I want to know who this MC is and what's unique about her. I love how you made her sound so aloof!

    Nice job!

  5. I agree with the first paragraph to be tweaked or forgotten.

    But the intensity of the situation you accomplished very well

    IT needs a bit more fine tuning.

    A typo "His looked to the ceiling."

    There are three "Looks, looked, Looking... Try to mix up your verbs more. Just small things to fix.

    Overall, I think many girls go through this situation, so It is a good subject to address...

  6. Hmmm. I have mixed feeling about this one. I think the first paragraph is a huge distraction.

    What if you started it with the line:

    "Wait, Vanessa. . . " and let it take off from there? It's actually quite compelling although a little disturbing, too. For example, it's obvious they just had sex, but the open windows of the car and the mall goers walking by makes them seem very exposed as they talk here. Were they that exposed while having sex in the parking lot, too? That seems a little strange and icky and something that maybe needs to be addressed . . .

  7. I think "head honcho" is funny. The scene introduces what the title suggests, a story about The Unfortunates. The thing that is not clear to me is any sense of a paranormal element.

    I'd read on to find out more about Vanessa.

  8. A scene between two first-timers after doing the deed could certainly be emotion and tension filled, but a few things kept me from being drawn in.

    The first paragraph says there are non-stop questions, but in the rest of the story, the MC doesn't say or question much at all, so sitting in the parking that night lot IS an exception. I'd consider deleting, putting the info from this paragraph somewhere later in the story. In any case, I'd delete "bouts of".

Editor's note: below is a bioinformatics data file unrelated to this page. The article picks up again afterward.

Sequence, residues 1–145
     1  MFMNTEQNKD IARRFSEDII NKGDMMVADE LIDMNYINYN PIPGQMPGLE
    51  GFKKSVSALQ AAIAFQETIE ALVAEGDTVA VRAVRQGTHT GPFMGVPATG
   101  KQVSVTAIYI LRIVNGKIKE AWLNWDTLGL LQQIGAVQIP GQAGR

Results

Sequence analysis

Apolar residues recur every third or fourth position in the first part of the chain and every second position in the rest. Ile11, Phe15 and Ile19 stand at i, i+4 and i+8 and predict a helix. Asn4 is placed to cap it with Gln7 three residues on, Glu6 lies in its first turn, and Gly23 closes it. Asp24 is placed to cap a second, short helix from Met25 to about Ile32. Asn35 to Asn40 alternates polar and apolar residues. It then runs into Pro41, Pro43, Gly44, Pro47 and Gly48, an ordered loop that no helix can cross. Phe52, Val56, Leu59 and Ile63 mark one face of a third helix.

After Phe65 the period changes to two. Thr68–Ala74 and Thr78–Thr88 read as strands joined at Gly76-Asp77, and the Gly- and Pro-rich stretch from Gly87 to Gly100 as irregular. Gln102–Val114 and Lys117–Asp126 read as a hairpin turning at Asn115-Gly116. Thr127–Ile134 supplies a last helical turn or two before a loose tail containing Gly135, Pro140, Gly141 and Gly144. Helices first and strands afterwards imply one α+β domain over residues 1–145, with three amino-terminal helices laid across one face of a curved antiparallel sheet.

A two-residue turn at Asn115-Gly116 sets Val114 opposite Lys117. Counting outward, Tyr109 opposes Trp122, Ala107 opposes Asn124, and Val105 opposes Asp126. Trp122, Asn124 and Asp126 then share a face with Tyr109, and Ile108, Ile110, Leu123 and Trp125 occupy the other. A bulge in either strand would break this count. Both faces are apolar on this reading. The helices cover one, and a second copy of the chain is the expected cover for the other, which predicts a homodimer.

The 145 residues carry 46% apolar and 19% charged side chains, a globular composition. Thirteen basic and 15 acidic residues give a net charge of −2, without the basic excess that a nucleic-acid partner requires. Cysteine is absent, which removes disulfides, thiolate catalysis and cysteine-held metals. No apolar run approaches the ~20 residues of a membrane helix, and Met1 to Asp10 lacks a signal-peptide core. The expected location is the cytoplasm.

2nd paragraph: "Tonight" (the subject) can't be sitting.

    3rd paragraph. He says "Wait" (right after blowing snot into his shirt??), but we haven't seen Vanessa do anything yet to make him say wait. There's no indication that he's been crying or has a cold.

    "plastered" made me pause, although "glued" wouldn't. I can't explain why, though.

    Typo: His looked to the ceiling.

    I'm assuming they had sex, but it's not clear where. Surely not in the mall parking lot. Was it so wild they broke out the back window?? What could the mall-goers hear--them having sex? Or them discussing it afterward? "Heard everything" would imply the sex. "Could hear everything" implies the discussion.

    What's with the boy looking nervously into another car?

    I did like these sentences: He looked like someone had mauled him with the truth. // I squeezed my legs together to ebb the new discomfort.

    Good luck!

  9. I agree with the above comments about the first line- it’s a bit confusing, especially not knowing what the prefrontal cortex signifies in this instance.

    I'm afraid the rest of the selection left me a bit confused as well. Firstly, is Eric crying? Is that why he's blowing his nose into his polo? It's difficult to imagine someone blowing their nose into their shirt, even if he is a hapless teenage guy.

    I wasn't exactly clear what, exactly, Vanessa is upset about. From her "bases" comment, I'd guess Eric was less than romantic, but that's not quite clear. Also, is Vanessa's "new discomfort" a physical soreness, or emotional? Given the context of the conversation, I couldn't tell whether she was sore from having just had sex. Have she and Eric just had sex in his car, in this parking lot surrounded by people? I think the order of events and what Vanessa is feeling about them need to be a bit more clearly unpacked here.

  10. This was a very confusing opening for me. I didn't get the first line and I'm not sure the average teen is going to know the function of the prefrontal cortex. Then you have her looking out the window, but she says Eric looked at the ceiling. She wouldn't know that if she's looking the other way. I'm assuming they had sex, but I'm not sure why he skipped the other bases if they've been in love for three years. I would think they would have explored most of the bases by now. Or has she loved him from a distance and this is their first time together? Also, did they do it in the parking lot of the mall?

    There are just too many questions here. It might be better to have the scene take place while they're getting dressed again. It would give a little more context to the scene perhaps. Right now it's difficult to ground myself in the scene and connect to the narrator. With some tweaks, I think the scene could be really strong. Best of luck.